I think this qualifies: Live-Action TV: In Monk, Adrian Monk has severe OCD, and his first 'assistant', Sharona Fleming, was originally hired as his nurse when he was in a bad state.
  • May 21, 2013
    hawaiianflower
    Literature:
  • May 22, 2013
    Arivne
    ^ A Christmas Carol came out in 1843, so under our Handling Spoilers Statute of Limitations it doesn't need to be spoilered.
  • May 22, 2013
    NateTheGreat
    Okay, we're getting Definition Drift here. We're getting some examples of "anyone who helps a handicapped person."
  • May 22, 2013
    lexicon
    That does fit the title. If this is meant to be a person who teaches the handicaped one then the OP should expand on that.
  • May 26, 2013
    CaptEquinox
    People who help handicapped or disabled people are often called assistants or facilitators. Communication assistance for deaf, deaf-blind or autistic people, readers/guides for blind people etc.

    Handicapped might not be the best word. There are lots of people who are fine being the way they are, but still need some assistance.
  • June 4, 2013
    Koveras
    • Deconstructed in Sexy Losers, where a character of questionable morals starts taking care of a beautiful blind girl because she cannot see what exactly he is up to when he is "taking care of her".
  • June 4, 2013
    jatay3
    Simon Illyan and Alys Vorpatril in Vorkosigan Saga
  • June 15, 2013
    oneuglybunny
    Live Action TV
    • The corpulent Nero Wolfe is a brilliant detective, but his body mass limits his mobility. Fortunately, his protege Archie Goodwin functions as Wolfe's eyes, ears and legs, enabling Wolfe to garner sufficient clues to solve the mystery.
  • June 18, 2013
    Himbeergeist
  • June 25, 2013
    lexicon
    Names and a title is very much a Zero Context Example. In order for it to belong on the page it should say who is what and how we know.
  • June 27, 2013
    randomsurfer
    In an episode of The Incredible Hulk David Banner gets paralyzed from the chest down. He has to learn how to use a wheelchair and is mentored by another wheelchair-bound man. In the end of course he Hulks Out and the Hulk's Healing Factor kicks in overdrive so that Banner is no longer paralyzed.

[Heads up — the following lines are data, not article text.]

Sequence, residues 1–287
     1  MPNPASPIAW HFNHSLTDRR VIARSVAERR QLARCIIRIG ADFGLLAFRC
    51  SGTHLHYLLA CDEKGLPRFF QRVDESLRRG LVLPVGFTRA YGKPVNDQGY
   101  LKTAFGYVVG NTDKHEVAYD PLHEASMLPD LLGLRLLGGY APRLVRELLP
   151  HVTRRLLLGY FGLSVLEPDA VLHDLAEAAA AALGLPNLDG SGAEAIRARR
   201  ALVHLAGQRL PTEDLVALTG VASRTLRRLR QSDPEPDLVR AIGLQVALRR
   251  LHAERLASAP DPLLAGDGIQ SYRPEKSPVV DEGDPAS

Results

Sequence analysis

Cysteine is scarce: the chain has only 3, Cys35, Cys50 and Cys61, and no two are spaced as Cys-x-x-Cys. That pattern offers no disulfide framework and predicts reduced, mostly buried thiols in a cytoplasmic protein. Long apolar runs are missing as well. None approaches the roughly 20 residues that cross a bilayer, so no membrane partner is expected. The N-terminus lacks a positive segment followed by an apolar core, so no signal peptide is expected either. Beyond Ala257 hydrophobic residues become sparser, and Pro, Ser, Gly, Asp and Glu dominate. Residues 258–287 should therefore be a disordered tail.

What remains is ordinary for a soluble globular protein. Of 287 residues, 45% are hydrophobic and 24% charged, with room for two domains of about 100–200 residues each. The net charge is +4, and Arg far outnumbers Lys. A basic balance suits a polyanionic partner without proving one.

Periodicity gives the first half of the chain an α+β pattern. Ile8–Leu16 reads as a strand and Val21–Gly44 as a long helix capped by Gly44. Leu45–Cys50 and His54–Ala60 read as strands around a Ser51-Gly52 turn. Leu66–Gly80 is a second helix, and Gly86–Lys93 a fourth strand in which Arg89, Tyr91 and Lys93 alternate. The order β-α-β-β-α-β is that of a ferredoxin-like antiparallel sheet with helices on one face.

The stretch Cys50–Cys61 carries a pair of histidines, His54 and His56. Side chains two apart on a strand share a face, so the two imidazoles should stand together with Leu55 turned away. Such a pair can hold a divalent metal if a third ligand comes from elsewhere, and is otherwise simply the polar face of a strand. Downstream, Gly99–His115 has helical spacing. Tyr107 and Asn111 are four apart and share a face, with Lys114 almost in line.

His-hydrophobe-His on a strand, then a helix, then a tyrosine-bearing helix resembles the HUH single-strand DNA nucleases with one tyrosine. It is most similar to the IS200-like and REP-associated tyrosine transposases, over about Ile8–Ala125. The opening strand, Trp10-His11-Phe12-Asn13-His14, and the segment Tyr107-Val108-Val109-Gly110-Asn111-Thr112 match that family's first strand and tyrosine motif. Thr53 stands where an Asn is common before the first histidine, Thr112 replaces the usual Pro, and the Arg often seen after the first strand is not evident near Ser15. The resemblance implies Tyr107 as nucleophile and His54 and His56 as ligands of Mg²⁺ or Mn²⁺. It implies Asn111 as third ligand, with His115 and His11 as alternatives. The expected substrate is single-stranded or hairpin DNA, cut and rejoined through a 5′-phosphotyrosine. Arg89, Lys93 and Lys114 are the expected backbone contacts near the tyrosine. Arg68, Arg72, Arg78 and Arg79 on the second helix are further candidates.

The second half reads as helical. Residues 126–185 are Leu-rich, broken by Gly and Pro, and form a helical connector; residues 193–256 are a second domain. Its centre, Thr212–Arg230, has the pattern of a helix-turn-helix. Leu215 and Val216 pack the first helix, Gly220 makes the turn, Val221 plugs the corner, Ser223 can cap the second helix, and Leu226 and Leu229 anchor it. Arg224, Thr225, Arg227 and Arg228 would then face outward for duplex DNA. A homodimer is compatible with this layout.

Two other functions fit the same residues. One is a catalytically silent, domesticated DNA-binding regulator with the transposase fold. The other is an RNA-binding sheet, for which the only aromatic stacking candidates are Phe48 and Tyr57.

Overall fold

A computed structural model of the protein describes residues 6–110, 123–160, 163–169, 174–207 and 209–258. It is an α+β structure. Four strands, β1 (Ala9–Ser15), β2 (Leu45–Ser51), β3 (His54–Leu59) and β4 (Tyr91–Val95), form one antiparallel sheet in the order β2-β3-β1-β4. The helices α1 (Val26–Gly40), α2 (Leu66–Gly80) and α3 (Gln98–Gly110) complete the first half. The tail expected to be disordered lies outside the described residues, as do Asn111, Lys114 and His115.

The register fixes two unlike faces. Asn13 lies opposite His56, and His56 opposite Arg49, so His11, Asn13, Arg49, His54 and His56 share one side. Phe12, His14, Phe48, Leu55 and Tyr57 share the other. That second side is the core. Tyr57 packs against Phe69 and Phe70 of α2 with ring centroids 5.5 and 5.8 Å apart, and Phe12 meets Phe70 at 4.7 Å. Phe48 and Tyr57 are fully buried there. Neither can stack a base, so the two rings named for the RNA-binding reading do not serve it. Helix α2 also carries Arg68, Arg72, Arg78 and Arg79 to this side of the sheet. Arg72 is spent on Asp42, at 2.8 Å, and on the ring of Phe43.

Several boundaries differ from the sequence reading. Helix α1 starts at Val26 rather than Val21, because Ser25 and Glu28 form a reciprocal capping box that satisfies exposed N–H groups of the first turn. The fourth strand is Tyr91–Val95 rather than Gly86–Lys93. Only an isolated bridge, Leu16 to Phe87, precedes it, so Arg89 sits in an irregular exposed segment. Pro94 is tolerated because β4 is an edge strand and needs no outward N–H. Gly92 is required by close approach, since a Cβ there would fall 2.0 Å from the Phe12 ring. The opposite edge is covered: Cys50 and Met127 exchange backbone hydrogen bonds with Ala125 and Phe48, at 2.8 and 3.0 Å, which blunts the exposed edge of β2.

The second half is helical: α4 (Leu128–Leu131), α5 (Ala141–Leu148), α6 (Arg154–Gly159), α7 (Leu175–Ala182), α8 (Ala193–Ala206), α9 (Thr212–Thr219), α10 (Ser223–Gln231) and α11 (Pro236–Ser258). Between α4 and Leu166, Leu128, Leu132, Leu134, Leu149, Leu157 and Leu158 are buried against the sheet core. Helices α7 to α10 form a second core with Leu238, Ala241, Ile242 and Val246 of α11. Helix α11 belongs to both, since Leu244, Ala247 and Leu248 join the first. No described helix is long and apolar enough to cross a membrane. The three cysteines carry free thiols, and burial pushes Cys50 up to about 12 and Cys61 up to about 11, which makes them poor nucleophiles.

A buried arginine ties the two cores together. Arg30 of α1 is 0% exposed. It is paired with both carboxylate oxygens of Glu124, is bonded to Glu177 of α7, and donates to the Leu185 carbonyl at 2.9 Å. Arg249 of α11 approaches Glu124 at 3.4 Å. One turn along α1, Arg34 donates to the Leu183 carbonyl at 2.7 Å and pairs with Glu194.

• August 1, 2013
    lexicon
    Don't just keep bumping this to the top. All the examples need context. Expand on your decription and specifiy if you mean anyone who helps a handicaped person or someone who who teaches a person to get past his disability.
  • August 2, 2013
    CaveCat
    ^I mean both. If it'll make you happy, I'll delete the examples that are Zero Context Examples.
  • August 4, 2013
    DAN004
    ^ Don't delete, just give it a note and ask someone to add context.
  • August 27, 2013
    SharleeD
    Literature:

    The Nero Wolfe example really ought to be under Literature, as Wolfe and Goodwin had been famous mystery-novel characters for years before their first TV adaptation.

    • In Faded Steel Heat, Ty Weider is a Cantard War veteran who lost a leg in battle. He had a personal aide who pushes his wheelchair and otherwise assists him, but unfortunately his helper saw something he shouldn't and was murdered by one of the novel's conspirators.
      • Garrett, the series protagonist, plays the Archie Goodwin role to the Dead Man's Nero Wolfe.
  • September 27, 2013
    FantasyLiver
    In mythology, the crippled god Hephaestus had three cyclops to help him in his forge. In some versions, he also has bronze automatons as well.
  • October 17, 2013
    Astaroth
    • Goblins has a double-example in the form of Pan, the blind ogre, and Yala, a kobold who is mute and has had her legs amputated. Each acts as the Helper to the other's Handicapped in a different way; Pan permits Yala to ride on his head, and in return Yala acts as Pan's eyes, directing him in what direction she wants him to walk and warning him of danger by touching his head.
  • October 17, 2013
    Bisected8
    The Little Britain sketches are actually a subversion (since the Once A Skit gag is that Andy gets out of his wheelchair while Lou's distracted and a few also imply he's quite eloquent when he isn't speaking monosyllablically). He's also shown as manipulative and abusive, not cunning (for example, when Lou gets a girlfriend, Andy turns him against her with a Wounded Gazelle Gambit).
  • October 18, 2013
    DAN004
    IIRC, in The Bible Moses is mute and his brother Aaron is his loyal helper.
  • October 18, 2013
    randomsurfer
    ^IIRC not "mute" but uncomfortable speaking in public, and perhaps a stutterer.
  • October 19, 2013
    DAN004
    ^ But still counts right? :P
  • October 19, 2013
    CaveCat
    Is there anyone out there kind enough to give this more hats?
  • October 24, 2013
    aurora369
    In Code Geass there was Nunnally, the blind and paralyzed exiled princess, cared for by her brother Lelouch. In Season 2 she returns to the rest of her family, and Lelouch, who is still exiled, is replaced by the definitely unloving and uncaring Miss Romeyer.
  • November 16, 2013
    ZuTheSkunk
    I find the current title misleading, because it made me think that it's about a single person who's both handicapped AND a helper.

    Can I suggest changing it to The Handicapped And The Helper?